Pitons in Your Fishing Vest
If youíve been fly fishing for a number of years, itís likely youíve hit a plateau. Youíve achieved competency in the sport, understand the habits of your quarry and its forage, and can expect to catch at least a few fish whenever you visit the water. And with regard to water, you likely have a few set places that you return to time and again, and because of their familiarity, theyíre possibly the only places you return to, time and again.
In other words, youíve become hitched to the same olí same olí. Itís a comfortable and usually secure, nice place to be. Doing the same olí same olí is pretty much how many of us spend our lives.
But the unchanging perspective from the plateaus that we achieve can cause us to miss things that are really interesting. Cause us to forget the fact that thereís more for us to climb, that wonder and opportunity extend all around us, and that exploring these opportunities is itself engaging and lets us feel truly alive. Contrary to the old aphorism about cats, itís a lack of curiosity that kills.
If youíve been finding yourself losing interest in fly fishing or at times bored by it, then shift how you approach the sport. Focus on a different technique, such as wet flies or streamers, if youíre a dry-fly or nymphing aficionado. Explore those sections of stream or those still waters you usually pass by, that youíve assumed are fishless, or too difficult, too strange. Visit an unknown water, or fish for species new to you. (California has a plethora of waters and species.) Get uncomfortable, off balance. Try.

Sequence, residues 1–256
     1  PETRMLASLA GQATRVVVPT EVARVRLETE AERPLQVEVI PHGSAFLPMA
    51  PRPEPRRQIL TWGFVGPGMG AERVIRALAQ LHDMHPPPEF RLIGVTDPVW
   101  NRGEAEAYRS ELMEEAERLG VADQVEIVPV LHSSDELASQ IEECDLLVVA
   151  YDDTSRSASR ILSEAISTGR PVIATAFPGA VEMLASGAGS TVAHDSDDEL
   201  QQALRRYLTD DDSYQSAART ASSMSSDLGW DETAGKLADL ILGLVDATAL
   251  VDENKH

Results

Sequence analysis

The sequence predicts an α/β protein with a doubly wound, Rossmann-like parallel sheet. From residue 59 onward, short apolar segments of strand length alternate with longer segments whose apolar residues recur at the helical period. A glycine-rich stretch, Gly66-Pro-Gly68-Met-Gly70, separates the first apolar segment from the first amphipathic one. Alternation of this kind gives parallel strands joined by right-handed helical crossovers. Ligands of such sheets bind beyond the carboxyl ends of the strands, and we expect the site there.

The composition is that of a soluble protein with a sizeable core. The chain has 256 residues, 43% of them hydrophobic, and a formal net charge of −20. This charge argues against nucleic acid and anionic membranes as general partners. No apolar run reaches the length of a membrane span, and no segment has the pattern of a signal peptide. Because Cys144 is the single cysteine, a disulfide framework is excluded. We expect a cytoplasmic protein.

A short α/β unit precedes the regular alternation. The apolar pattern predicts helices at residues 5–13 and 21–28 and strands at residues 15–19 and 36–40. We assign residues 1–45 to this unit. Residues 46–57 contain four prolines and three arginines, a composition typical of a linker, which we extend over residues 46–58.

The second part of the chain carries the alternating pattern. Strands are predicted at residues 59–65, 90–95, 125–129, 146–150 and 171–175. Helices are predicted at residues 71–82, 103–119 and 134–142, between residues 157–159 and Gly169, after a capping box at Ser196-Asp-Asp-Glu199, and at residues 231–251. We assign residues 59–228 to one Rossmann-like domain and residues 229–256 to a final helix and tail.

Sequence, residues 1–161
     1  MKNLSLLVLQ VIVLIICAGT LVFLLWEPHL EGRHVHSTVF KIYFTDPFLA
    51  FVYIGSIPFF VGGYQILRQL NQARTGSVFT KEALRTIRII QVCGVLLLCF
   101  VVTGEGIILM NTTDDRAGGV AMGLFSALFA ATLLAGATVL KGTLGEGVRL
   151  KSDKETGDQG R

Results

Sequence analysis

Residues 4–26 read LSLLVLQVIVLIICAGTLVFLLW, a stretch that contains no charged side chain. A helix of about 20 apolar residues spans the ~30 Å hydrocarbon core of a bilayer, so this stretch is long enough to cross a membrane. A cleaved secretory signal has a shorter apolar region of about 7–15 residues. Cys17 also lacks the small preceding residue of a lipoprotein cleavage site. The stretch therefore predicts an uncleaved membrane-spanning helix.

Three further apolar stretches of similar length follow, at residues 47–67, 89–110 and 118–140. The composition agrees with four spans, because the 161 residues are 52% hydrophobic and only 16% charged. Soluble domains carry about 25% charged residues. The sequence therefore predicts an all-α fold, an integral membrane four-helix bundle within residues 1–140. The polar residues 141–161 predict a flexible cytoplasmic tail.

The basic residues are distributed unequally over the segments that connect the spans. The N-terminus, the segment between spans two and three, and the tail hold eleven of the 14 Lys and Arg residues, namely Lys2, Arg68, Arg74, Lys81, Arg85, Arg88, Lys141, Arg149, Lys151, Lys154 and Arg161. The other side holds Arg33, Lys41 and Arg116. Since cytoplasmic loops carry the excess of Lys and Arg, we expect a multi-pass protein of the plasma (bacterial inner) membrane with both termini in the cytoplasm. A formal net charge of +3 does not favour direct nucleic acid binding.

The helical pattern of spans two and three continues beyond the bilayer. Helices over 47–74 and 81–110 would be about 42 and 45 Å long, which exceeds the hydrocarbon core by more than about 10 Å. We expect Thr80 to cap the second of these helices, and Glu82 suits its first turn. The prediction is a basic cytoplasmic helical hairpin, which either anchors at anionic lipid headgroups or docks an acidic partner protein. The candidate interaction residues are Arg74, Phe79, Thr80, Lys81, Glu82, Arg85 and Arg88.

This past summer, I fished a trashed creek near a Taco Bell and a couple of gas stations beside an interstate. The sort of water we all ignore. The rainbow I brought to hand was as colorful, as beautiful, as any trout found in far prettier places. It reminded me again of why I fish. And, grinning, I layed out another cast, and then another. . . .
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